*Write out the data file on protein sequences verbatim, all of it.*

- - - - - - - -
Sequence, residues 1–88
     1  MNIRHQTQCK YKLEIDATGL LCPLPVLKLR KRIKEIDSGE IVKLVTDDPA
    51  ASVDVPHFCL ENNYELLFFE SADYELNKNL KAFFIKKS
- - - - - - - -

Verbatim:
Sequence, residues 1–88
     1  MNIRHQTQCK YKLEIDATGL LCPLPVLKLR KRIKEIDSGE IVKLVTDDPA
    51  ASVDVPHFCL ENNYELLFFE SADYELNKNL KAFFIKKS